The protection project is now complete, but there is one part of the cemetery that’s still evolving. As you walk down the mound from the graves, you come to an empty stretch of ground, and a bench. Sitting there is Xoxi Nayapiltzin, who says this area has been set aside for the repatriation of remains.

Nayapiltzin is among the elders here working to recover his Indigenous heritage. As he explains, the cemetery may now be the best recognized Indigenous burial site in Far West Texas, but it’s not the only one.

Carlos Morales / Marfa Public Radio

A corner of El Cementerio del Barrio de los Lipanes has been set aside for the reburial of Indigenous remains recovered from around the Big Bend region.

Over centuries, people have unearthed Native people’s remains from places around the region — including some remains that share Nayapiltzin’s DNA. He’s now working with tribes and institutions like universities to get those remains returned, and to rebury some of them here.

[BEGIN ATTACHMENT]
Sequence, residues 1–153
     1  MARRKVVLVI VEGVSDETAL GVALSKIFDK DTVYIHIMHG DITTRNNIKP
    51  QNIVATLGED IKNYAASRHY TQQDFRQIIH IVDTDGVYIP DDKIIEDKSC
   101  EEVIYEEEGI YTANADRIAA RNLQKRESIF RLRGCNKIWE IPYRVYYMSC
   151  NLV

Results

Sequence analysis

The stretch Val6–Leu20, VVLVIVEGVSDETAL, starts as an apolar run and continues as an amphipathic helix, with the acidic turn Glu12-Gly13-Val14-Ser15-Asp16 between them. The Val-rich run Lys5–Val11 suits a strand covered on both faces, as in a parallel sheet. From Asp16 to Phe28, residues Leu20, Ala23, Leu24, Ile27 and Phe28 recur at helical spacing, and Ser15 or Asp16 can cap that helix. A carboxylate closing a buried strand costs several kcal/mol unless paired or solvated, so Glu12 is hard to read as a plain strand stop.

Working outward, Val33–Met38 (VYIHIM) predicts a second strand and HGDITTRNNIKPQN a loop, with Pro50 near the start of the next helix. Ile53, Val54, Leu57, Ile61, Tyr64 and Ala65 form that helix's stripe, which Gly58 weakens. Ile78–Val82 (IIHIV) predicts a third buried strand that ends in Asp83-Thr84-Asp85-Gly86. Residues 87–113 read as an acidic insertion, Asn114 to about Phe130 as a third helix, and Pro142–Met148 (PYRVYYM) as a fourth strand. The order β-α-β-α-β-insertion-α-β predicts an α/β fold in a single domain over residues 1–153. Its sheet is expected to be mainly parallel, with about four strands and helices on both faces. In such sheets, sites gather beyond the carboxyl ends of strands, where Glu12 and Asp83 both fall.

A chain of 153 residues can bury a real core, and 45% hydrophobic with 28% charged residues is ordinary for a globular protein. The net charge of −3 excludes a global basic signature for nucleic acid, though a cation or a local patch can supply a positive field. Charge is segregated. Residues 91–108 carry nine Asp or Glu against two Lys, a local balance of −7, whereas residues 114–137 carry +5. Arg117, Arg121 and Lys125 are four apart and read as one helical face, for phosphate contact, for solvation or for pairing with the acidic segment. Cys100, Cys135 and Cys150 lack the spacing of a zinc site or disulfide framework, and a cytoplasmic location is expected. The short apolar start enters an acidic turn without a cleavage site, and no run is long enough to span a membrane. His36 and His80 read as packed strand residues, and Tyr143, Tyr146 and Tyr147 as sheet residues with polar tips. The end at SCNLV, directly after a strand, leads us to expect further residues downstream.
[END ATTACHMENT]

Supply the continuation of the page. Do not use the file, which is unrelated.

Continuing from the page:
“A lot of our ancestors right now are resting, if you will, in places that are not actually cemeteries,” Nayapiltzin says. “But we hope to bring them home now.”

That effort’s still taking shape — but even now, Nayapiltzin is glad people can come to see the site. He says it has a message for visitors.

“We’re still here. It’s us that are taking care of them,” he says. “It is still our responsibility as stewards of this land, to take care of our ancestors and to take care of the land.”

That work has been happening here for decades — quiet and nearly invisible. But now, walking the path this community has laid through the cemetery, it’s impossible to miss.